PrettyLittleThing at London Fashion Week

PrettyLittleThing to walk London Fashion Week. Alex explores the sustainability implications of PLT among "high fashion" brands.

Alex Bailey
22nd February 2022
Image: Instagram @prettylittlething

Molly-Mae Hague, the creative director of fast fashion giant PrettyLittleThing, announced that the brand would have their very own catwalk show at London Fashion Week. In the now edited post, Hague has clarified that whilst PLT will be holding an event during London Fashion Week, it will not be on the official LFW schedule. So, does PrettyLittleThing have a place at the "high fashion" event?

Image: Instagram @mollymae

Does PrettyLittleThing have a place at the "high fashion" event?

LFW is hosted by the British Fashion Council, which led British fashion houses during COP26, calling on companies to slash their carbon emissions by half before 2030. The industry had a previous target of reducing emissions by 30 per cent by 2030, but as estimates suggest that the clothing industry is responsible for around 8% of all greenhouse emissions, pressure to reduce the impact on the environment is mounting.

PLT appears to be a thorn in the side of any pledge for better climate practises

PLT appears to be a thorn in the side of any pledge for better climate practices. The $3.54 billion company operates on a ‘fast-fashion’ business model, encouraging its consumers to buy high quantities of clothing for low prices, which has been repeatedly criticized for its negative environmental impact. PLT has a sustainability page on their website, with claims including their desire to ‘make a positive change’ and ‘create a more sustainable future’. With no measurable or time-bound aims to achieve this, or any evidence of PLT changing their practices, this seems like an empty green-washing tactic.

The PLT catwalk is clearly a mere marketing tool and cash-grab, and to many, it is insulting to the designers who create with passion and purpose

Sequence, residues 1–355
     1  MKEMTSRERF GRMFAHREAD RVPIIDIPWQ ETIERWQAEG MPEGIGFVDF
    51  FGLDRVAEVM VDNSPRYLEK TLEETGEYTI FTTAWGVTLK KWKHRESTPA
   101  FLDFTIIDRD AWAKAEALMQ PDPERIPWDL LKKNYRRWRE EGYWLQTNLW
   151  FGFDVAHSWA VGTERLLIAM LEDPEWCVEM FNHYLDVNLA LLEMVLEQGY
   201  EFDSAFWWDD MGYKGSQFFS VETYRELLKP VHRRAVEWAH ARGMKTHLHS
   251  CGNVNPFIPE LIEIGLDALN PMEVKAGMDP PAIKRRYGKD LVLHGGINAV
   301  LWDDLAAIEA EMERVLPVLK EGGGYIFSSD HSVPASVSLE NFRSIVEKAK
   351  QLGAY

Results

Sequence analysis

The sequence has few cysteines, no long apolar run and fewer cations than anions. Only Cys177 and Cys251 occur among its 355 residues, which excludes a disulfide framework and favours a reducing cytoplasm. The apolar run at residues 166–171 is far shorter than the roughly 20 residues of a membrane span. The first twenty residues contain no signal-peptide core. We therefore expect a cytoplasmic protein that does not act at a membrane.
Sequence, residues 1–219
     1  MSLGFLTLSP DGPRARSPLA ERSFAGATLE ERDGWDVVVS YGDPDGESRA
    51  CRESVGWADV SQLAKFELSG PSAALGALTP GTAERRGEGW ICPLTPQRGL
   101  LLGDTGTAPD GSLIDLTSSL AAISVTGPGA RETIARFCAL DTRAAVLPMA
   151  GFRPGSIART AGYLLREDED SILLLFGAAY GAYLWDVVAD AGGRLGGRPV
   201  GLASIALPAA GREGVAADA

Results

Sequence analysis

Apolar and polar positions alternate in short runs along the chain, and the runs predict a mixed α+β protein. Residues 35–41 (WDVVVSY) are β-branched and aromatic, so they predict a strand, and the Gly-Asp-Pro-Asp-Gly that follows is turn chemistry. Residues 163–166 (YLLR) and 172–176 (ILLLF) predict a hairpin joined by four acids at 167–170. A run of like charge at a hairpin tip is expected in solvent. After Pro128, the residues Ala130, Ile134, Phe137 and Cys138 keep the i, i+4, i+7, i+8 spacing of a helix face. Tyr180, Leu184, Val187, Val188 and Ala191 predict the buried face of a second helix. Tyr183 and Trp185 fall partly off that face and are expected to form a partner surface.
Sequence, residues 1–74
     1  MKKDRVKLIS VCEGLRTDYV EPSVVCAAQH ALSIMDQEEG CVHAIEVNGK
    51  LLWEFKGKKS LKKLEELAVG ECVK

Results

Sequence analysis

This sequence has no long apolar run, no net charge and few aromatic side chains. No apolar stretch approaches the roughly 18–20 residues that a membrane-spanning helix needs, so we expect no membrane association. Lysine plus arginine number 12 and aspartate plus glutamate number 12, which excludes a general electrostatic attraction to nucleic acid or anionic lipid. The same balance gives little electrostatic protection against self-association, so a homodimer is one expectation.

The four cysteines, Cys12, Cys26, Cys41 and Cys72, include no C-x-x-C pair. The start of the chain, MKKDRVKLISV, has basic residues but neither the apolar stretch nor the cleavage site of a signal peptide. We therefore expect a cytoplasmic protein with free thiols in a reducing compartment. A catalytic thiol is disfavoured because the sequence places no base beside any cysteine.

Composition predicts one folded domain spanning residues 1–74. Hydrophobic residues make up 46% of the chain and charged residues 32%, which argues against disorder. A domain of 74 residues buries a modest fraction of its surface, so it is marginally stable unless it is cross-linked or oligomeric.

Image: Instagram @anciela_london

The absence of any concern for sustainability by PLT is only one half of the reason for pushback towards the show. LFW prides itself on showcasing the best of British ‘creativity and culture’. Fashion brand Anciela, making its virtual debut at LFW, combines inspiration from Latin folklore with the experience of living in London to embody the premise of LFW. Contrast this with PLT, who have a history of stolen designs and poor quality products, and produce garments with profit in mind above all else. The PLT catwalk is clearly a mere marketing tool and cash-grab, and to many, is insulting to the designers who create with passion and purpose.

Many brands that show during LFW have similarly damaging practises

However, many have been quick to criticise PLT’s presence at LFW on environmental grounds, whilst failing to recognise that many brands that show during LFW have similarly damaging practices. Louis Vuitton for example, are notorious for burning unsold stock to maintain the brands position as exclusive and ‘aspirational’. Whilst not an excuse for PLT, the blind-eye turned to practices of luxury brands is an interesting lesson in the role that brand identity plays in environmental scrutiny. Perhaps hosting the catwalk show is an attempt by PLT to alter their brand imagine and drive attention away from criticism of their sustainability, or lack thereof.

The PLT catwalk is a starting point for a wider conversation regarding the bad practices among the fashion industry. PLT’s lack of sustainability initiatives, and an absence of any creativity or culture, run directly against everything the British Fashion Council stands for. Perhaps the council were right to make it clear that PrettyLittleThing was not a part of the official LFW schedule.

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